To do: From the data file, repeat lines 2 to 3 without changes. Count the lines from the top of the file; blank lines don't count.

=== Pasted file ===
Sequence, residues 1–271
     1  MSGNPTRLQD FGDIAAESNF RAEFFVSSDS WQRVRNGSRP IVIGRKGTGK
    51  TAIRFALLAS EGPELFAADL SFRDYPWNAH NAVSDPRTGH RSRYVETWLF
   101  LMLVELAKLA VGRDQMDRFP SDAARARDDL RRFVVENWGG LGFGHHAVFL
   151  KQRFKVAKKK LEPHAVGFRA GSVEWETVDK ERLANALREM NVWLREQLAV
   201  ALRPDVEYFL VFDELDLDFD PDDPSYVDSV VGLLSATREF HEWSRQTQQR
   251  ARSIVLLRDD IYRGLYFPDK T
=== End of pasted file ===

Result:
     1  MSGNPTRLQD FGDIAAESNF RAEFFVSSDS WQRVRNGSRP IVIGRKGTGK
    51  TAIRFALLAS EGPELFAADL SFRDYPWNAH NAVSDPRTGH RSRYVETWLF